Where did the sun go?
It’s autumn. Or fall as Americans know it better. We in Finland are not yet custom to pumpkin spice, and Halloween is not really big here either, yet. Fall for us means it’s time to bundle up and prepare for six months of darkness.
Finnish people are very straightforward, things are usually black and white, and that might have something to do to the extreme differences in our seasons. The changes in seasons are stark and we Finns are, by laws of nature, required to get used to contrast. Summer is light, with the midnight sun, and the winter is pitch black, with no sun at all. And this naturally affects us as people.
Many view Finns as depressed drunkards. And sometimes that’s really not so far off, and not a surprise either, when we have to live most of the year in the dark. It kinda gets to you. But during summer, we can be fun loving drunkards too. (Disclaimer: not all of us are drunk all the time)
When autumn comes, the nature starts to get ready to surviving the long winter, and so do we. We buy tea lights and lanterns and bake apple pies (or blueberry, it’s a bit more Finnish), we gather our woolen socks and hide under our warm blankets. And when we have to go out, because in Finland, you have to go out with children every damn day, even if it’s pouring rain, or too dark to see anything (flashlights! Hide and seek!). And if you are blessed enough to have your children outgrown that phase when they need you with them to go outside, or don’t have children at all, you still have to go outside to get to work or to the store or to the bar. As an example.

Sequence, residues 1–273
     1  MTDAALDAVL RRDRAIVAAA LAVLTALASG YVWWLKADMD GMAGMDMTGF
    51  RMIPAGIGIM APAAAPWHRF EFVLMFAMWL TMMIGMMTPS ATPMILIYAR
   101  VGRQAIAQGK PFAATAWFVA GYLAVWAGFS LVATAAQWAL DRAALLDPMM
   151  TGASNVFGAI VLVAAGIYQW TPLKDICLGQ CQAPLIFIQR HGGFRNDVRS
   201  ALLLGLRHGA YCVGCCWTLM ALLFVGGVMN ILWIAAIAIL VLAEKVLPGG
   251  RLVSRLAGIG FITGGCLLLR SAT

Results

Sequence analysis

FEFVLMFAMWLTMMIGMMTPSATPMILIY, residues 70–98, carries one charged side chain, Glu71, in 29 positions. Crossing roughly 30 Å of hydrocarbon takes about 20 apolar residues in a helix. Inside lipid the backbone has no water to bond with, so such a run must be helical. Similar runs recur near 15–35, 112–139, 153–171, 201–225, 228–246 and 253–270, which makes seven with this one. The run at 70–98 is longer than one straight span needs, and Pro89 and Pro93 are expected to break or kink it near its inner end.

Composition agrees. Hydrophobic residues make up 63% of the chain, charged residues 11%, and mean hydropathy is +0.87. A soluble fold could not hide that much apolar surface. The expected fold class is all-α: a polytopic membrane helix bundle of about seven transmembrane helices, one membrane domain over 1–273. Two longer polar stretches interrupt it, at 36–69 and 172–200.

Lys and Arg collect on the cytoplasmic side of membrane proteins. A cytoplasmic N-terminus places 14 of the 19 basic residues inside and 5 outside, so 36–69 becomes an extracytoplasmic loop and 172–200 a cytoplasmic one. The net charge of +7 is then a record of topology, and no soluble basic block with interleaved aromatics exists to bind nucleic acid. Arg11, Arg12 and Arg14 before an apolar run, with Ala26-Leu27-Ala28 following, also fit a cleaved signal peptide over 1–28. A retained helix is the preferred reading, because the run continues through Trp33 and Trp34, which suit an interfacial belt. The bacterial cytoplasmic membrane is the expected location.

So, when we have to go out, we cover up every inch of us and move from point A to point B as fast as possible, to minimize the time we have to spend in the cold dark outside air. Starting right after midsummer night, all the way to Christmas, the sun is out less and less. Around October to November, if you work from 8 AM to 4 PM, as many Finns do, and don’t work outside, you might not see any daylight at all during your workdays. This kinda darkens the mood, don’t you think?
And of course it only gets worse. During those months you might still see a little daylight during weekends, but then if you happen to be a parent you might just be too damn tired and busy to even notice.
Christmas is so important to us Finns, not maybe as the celebration of Jesus’s birth, but as a celebration of the sun finally starting to come back. We used to celebrate it as Winter Solstice, before Christianity took over, and nowadays it’s a great reason to hang lights everywhere and burn candles to try to alleviate the pain hiding in the darkness. And of course, you get presents and chocolate and wine. So it’s something to look forward to during the season of dying (for nature), and that keeps people from breaking. And usually you get to make the Christmas celebration happen all by yourself, so it doesn’t sometimes feel like a relaxing fun time, but we’ll get to that later on.
Point was, you try spending half of your surrounded by darkness, and try to stay sunny and positive. And that wine helps.
“Did you hear about the man who sat up all night wondering where the sun had gone?
The next morning it dawned on him.”
The writer of this story is a member of the Mom of Finland community.
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